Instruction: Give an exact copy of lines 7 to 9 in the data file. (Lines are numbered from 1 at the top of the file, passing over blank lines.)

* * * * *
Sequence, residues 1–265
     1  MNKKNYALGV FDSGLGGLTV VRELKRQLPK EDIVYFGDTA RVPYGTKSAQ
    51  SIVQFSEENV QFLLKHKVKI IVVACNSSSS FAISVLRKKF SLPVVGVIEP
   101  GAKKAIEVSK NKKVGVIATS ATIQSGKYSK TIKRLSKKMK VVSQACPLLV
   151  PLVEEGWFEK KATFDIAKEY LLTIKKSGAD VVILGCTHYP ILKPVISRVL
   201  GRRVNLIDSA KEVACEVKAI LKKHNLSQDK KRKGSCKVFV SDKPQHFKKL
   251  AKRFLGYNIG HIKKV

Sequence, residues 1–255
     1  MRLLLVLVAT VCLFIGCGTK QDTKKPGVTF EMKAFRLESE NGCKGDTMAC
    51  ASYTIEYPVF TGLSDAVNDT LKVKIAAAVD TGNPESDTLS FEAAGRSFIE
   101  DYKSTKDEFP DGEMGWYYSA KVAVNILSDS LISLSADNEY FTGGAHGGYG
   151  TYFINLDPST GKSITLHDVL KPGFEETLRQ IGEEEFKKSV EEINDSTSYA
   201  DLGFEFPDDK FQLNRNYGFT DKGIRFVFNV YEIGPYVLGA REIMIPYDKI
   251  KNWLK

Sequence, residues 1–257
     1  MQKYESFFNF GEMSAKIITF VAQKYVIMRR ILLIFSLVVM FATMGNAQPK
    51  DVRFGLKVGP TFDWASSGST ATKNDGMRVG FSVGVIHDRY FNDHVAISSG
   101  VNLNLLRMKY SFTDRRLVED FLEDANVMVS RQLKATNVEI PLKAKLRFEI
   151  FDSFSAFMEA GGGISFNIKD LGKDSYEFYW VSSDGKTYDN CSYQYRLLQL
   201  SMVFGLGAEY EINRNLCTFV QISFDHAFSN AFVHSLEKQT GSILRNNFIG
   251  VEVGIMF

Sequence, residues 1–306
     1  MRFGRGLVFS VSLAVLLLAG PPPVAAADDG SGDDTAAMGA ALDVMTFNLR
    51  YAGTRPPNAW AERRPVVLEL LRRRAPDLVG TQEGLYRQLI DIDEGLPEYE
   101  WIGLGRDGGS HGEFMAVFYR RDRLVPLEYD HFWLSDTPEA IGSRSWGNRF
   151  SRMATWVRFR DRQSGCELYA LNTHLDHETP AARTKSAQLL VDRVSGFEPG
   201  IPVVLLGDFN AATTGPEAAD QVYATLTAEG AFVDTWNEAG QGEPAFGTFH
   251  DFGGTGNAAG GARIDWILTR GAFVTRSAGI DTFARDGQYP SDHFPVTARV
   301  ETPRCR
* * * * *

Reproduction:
   251  AKRFLGYNIG HIKKV

Sequence, residues 1–255
     1  MRLLLVLVAT VCLFIGCGTK QDTKKPGVTF EMKAFRLESE NGCKGDTMAC